RSI Corporate - Licensing

Foreign Language Learning for Children: Necessity or Option?

Relocate Magazine – Staff Writer

“Linguistically, younger children have the potential to develop near native proficiency with pronunciation and intonation in a new language. They also develop a cognitive advantage over children who do not learn a subsequent language as second language acquisition helps to develop critical thinking skills, creativity, and elasticity of mind. In the case of the expatriate children, one of the greatest advantages is that they have the ability to mimic closely the native pronunciation and intonation of a new language through their interaction with teachers and peers. In addition, literacy skills that have been developed in the native language transfer to the learning of the new language. In the long-term, these children will be better suited to work in a global workplace due to their first-hand understanding of the language and culture of another country.”(more)

Kids Should Play In The Dirt To Improve Their Health

Education News – Kristen Decarr

“Authors of a new book suggest that children need to be allowed to get dirty in order to gain access to certain microbes that they say are necessary to develop a healthy immune system. Authors B. Brett Finlay and Marie-Claire Arrieta argue in their new book “Let Them Eat Dirt: Saving Your Child from an Oversanitized World” that allowing children to get dirty will expose them to healthy germs that will actually help them in the long-run.”(more)

14 classroom management strategies to increase student learning

E-School News – Laura Devaney

“When the right classroom management tools are in place, students are able to learn more as their engagement increases. Focusing on physical classroom management, behavioral management, resources for effective instruction, attendance and gradebook tools, and tools for a school-home connection can help students master classroom lessons.”(more)

Will.i.am Wants Mandatory Computer Science Classes in Schools

Fortune – Kia Kokalitcheva

“To music artist Will.i.am, technology can change the world. On Tuesday, Will.i.am, the former Black Eyed Peas singer whose legal name is William Adams, dropped by the Apple Store in San Francisco’s Union Square for a screening of the music video for a new version of the group’s 2003 hit Where Is the Love? He was joined by Apple retail chief Angela Ahrendts, and discussed why the proceeds from the song would go toward education programs and initiatives through Adams’ i.am.angel foundation. Specifically, Adams highlighted the importance of making computer science classes available more broadly in schools, especially in disadvantaged neighborhoods.”(more)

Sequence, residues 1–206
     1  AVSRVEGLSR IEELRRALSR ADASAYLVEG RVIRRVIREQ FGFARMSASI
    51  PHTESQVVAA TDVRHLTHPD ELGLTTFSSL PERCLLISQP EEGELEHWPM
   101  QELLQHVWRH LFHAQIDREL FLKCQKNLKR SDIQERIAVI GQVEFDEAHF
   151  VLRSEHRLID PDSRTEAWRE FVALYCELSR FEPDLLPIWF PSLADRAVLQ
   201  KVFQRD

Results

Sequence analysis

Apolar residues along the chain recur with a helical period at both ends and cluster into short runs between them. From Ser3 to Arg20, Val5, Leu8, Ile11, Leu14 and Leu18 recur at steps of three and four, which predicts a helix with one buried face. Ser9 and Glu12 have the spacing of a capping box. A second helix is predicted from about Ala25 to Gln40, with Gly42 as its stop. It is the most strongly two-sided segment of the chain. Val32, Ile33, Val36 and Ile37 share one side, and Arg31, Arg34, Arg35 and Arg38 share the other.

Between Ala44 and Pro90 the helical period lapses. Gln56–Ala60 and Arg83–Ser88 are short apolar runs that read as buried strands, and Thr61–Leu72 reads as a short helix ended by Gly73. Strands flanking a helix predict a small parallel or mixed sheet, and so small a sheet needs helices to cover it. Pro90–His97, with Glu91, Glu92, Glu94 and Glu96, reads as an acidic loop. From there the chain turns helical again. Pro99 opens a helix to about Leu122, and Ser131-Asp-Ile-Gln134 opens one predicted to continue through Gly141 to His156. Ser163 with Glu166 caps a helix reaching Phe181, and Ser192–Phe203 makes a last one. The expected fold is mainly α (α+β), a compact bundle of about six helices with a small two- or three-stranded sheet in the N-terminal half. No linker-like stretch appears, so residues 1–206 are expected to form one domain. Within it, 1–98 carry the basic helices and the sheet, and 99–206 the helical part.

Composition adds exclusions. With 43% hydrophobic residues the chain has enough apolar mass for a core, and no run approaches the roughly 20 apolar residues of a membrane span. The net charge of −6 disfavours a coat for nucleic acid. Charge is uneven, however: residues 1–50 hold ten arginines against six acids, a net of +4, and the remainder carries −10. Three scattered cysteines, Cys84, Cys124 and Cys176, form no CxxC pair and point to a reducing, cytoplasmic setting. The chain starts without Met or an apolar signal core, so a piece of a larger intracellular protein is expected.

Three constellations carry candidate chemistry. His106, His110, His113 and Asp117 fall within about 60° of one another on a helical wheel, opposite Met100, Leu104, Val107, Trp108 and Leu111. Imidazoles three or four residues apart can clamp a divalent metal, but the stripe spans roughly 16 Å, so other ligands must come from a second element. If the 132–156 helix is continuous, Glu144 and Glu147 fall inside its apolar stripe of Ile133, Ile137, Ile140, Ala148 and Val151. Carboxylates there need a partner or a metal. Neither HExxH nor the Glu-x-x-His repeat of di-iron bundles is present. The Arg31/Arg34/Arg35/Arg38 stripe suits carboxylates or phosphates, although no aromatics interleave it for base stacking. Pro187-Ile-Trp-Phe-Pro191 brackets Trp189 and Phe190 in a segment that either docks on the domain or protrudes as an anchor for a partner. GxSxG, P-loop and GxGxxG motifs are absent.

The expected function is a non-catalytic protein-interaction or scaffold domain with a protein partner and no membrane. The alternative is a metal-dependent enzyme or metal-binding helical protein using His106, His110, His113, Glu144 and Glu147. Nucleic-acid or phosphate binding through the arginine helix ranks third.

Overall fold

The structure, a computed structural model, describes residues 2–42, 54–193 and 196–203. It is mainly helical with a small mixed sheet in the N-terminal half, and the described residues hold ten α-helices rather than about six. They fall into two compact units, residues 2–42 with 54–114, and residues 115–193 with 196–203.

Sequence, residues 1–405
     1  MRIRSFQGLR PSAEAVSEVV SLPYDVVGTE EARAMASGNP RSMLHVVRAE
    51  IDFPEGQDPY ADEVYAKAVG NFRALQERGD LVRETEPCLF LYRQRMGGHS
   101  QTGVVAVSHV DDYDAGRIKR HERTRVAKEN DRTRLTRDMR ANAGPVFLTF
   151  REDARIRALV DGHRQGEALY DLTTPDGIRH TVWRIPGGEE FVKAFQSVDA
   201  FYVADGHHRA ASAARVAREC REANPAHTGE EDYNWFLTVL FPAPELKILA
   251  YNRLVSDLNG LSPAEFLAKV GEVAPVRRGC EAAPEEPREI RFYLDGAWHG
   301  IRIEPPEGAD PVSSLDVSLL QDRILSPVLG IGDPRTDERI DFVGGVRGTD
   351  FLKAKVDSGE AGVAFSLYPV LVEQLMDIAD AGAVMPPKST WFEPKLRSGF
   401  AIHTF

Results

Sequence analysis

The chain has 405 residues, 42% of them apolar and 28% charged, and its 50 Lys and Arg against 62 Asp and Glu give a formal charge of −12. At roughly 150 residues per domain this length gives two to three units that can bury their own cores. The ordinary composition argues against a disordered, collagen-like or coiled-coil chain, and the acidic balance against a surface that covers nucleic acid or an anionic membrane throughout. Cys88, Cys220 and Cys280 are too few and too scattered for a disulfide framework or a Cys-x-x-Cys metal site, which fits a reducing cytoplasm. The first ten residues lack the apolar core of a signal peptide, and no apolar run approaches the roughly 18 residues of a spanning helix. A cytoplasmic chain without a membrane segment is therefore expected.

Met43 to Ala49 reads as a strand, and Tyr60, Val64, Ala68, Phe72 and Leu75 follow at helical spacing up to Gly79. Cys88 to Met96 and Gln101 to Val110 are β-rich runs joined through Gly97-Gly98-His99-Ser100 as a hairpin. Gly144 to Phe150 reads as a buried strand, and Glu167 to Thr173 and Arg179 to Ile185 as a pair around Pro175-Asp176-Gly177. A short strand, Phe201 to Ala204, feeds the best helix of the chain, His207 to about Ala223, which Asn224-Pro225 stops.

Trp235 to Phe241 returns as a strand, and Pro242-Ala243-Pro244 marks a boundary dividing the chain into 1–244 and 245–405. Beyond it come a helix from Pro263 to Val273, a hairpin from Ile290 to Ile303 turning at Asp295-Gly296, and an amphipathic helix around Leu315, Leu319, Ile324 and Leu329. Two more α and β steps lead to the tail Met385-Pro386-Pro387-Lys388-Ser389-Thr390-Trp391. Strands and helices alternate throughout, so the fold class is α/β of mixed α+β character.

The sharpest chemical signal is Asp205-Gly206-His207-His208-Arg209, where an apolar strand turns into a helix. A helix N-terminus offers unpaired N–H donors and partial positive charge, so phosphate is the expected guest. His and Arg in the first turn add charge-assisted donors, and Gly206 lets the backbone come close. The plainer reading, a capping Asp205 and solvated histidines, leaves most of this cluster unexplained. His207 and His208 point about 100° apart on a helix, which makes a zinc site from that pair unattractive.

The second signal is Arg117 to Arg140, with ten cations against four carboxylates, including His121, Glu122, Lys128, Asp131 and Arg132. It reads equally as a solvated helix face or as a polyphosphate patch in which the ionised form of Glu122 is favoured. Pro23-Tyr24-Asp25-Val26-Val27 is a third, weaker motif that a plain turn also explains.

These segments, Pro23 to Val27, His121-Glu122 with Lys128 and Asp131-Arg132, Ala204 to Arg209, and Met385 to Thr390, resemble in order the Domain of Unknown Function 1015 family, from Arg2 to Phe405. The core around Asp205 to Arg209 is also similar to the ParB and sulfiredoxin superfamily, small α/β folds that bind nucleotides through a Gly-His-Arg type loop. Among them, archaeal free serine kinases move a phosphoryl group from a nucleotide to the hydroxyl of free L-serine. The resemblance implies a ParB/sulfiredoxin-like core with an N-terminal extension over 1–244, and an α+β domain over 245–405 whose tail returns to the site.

How much video gaming is too much for kids?

Medical X-Press – Alan Mozes

“Playing video games might improve a child’s motor skills, reaction time and even academic performance, but new research shows that too much gaming can be linked to social and behavioral problems. Spanish investigators found that any skill enhancements linked to gaming among those aged 7 to 11 started to max out after about eight hours of gaming a week. And those who played nine hours or more a week were more likely to have social and behavioral problems. The bottom-line: “One to nine hours per week seems to be safe, but playing more than nine hours—one hour on weekdays and two hours on weekend days—may be not recommended for children 7 to 11 years old,” said study author Dr. Jesus Pujol. But the study “does not permit [us] to directly establish whether the observed effects are a cause or consequence of gaming,” Pujol stressed.”(more)

SAT scores: California lags nation

The East Bay Times – Sharon Noguchi

“California’s Class of 2016 scored lower than the national average on SAT reading and math tests, although state students outperformed their national peers in writing, just-released scores show. But the scores released late Monday may represent more than the state’s periodic fluctuation in national comparisons of reading and math. California’s sinking scores may reflect the SAT’s increasing democratization, with more students at differing levels of preparation taking the exam. California saw a 1.6 percent increase in the number of seniors taking the test to nearly 241,600 students. According to the College Board, the private group that runs the test, the increase is due to districts like West Contra Costa and San Jose Unified, which offer students the opportunity to take the test on a school day and cover the fees — about $50 per student.”(more)